Rapa Nui was forested when the islanders arrived, and did become deforested over the next several centuries. However, this wasn’t anything to do with moving statues and wasn’t even a catastrophe. Cooper told us that the statues are more likely to’ve been moved by “walking” them using ropes, rather than pulled on wooden runners. And even if they were using wood to move their statues, it wouldn’t’ve needed that many trees. One of the experts interviewed had done the calculations – he knew how many trees could’ve grown on the land, how many trees you’d need to cut down to move a single statue a particular distance, how many statues had moved how far. And it was an insignificant number of trees to move all the statues using wood, as compared with the starting number.

Instead of being the results of foolish disaster it’s much more likely that the trees were cleared to create space to grow crops just as is the case in other places around the world. The Rapa Nui people used several methods to keep the soil thus exposed both there and fertile. One things they did was to use rocks to cover the fields in a technique called “stone mulching” (I didn’t quite understand how this worked beyond the obvious idea that the rocks stopped the soil from blowing away – wouldn’t it also stop plants from germinating?). There is also evidence that they landscaped areas so as to collect and channel water – the only fresh water on the island comes from rain – and they planted trees in the damper areas generated by this. And they planted some crops (like banana trees) in caverns where the roofs had fallen in – shaded and out of the wind.

When the first ships arrived, on Easter Day 1722, they found a vibrant and healthy society – which was rather surprised to find it wasn’t alone in the world. That visit was brief, and amicable. When the next ships arrived, about 50 years later, they found a much reduced population and notably that the Moai statues were toppled over. What had changed? The traditional story involves civil war and cannibalism, but there’s no archaeological evidence for that at all. Instead Cooper said the most plausible explanation is that European diseases caused a severe drop in population in this previously isolated society. I think he said that 90% of the population is thought to’ve died – and so of course you have societal changes, that’s a very traumatic event. The statues show signs of being deliberately lowered to hide their faces. One possible explanation is that the honoured ancestors who were supposed to protect them had failed so were toppled. Another is that the Rapa Nui wanted to hide what had happened to their people from the ancestors, so this was a way of covering their eyes. Society was still basically healthy, however, as shown by the evolution of new rituals (like the birdman cult).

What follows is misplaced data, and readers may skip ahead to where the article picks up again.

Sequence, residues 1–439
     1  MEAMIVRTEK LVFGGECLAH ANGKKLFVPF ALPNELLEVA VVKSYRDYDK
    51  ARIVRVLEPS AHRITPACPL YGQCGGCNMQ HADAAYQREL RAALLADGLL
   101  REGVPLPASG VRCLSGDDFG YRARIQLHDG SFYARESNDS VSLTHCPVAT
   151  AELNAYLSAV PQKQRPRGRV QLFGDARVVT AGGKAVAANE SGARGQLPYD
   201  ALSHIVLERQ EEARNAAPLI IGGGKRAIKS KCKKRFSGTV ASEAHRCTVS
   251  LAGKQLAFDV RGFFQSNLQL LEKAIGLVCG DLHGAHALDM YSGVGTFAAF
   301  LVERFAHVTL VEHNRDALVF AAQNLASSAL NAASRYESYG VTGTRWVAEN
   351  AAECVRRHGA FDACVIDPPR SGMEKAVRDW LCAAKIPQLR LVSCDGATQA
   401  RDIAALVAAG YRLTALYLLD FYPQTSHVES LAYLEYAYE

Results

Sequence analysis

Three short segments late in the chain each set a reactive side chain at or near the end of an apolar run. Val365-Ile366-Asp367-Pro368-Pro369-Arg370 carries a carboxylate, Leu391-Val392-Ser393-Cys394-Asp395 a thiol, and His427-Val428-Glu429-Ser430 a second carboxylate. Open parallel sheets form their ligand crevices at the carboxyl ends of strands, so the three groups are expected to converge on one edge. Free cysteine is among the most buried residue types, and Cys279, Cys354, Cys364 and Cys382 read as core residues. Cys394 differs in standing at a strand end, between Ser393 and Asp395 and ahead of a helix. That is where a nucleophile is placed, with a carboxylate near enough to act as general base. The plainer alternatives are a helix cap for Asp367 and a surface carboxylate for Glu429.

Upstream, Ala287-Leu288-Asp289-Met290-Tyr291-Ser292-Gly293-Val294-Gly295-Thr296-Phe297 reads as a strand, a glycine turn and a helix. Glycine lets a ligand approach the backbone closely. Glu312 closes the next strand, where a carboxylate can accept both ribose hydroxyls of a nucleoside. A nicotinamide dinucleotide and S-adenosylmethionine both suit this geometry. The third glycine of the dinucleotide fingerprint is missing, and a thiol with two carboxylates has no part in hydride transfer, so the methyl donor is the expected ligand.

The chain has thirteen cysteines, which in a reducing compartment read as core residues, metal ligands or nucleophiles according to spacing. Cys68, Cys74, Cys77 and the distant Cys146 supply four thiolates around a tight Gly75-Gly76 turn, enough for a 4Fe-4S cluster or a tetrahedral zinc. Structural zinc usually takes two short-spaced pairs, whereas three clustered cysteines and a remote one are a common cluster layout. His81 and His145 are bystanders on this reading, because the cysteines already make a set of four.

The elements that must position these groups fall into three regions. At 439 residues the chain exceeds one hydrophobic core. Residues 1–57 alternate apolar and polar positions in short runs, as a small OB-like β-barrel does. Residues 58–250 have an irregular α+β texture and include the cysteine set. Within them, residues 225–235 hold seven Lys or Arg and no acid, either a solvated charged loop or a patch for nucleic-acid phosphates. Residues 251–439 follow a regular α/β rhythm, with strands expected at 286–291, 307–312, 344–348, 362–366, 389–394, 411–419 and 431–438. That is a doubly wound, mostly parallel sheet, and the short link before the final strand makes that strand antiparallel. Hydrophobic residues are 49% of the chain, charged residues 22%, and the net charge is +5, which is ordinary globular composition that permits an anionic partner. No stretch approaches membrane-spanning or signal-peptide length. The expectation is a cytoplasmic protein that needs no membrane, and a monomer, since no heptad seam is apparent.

And then the European powers did what they did so often – many of the natives were taken off as slaves to work in South America. Those who remained were forced to live in only one small part of the island and poorly treated, while the rest was given over to intensive sheep farming. This use of the land is what caused the soil and the ecosystem to become as poor as it is today. At one point in the 19th Century there were only 36 families on Rapa Nui who had children – and all the native Rapa Nui people today are descended from these people. The culture has only survived in fragments from oral histories written down in the early 1900s – these same fragments are what started the modern fascination with Easter Island. The modern Rapa Nui are fiercely proud of their island, and its history, and are trying to get independence from Chile (their current political rulers).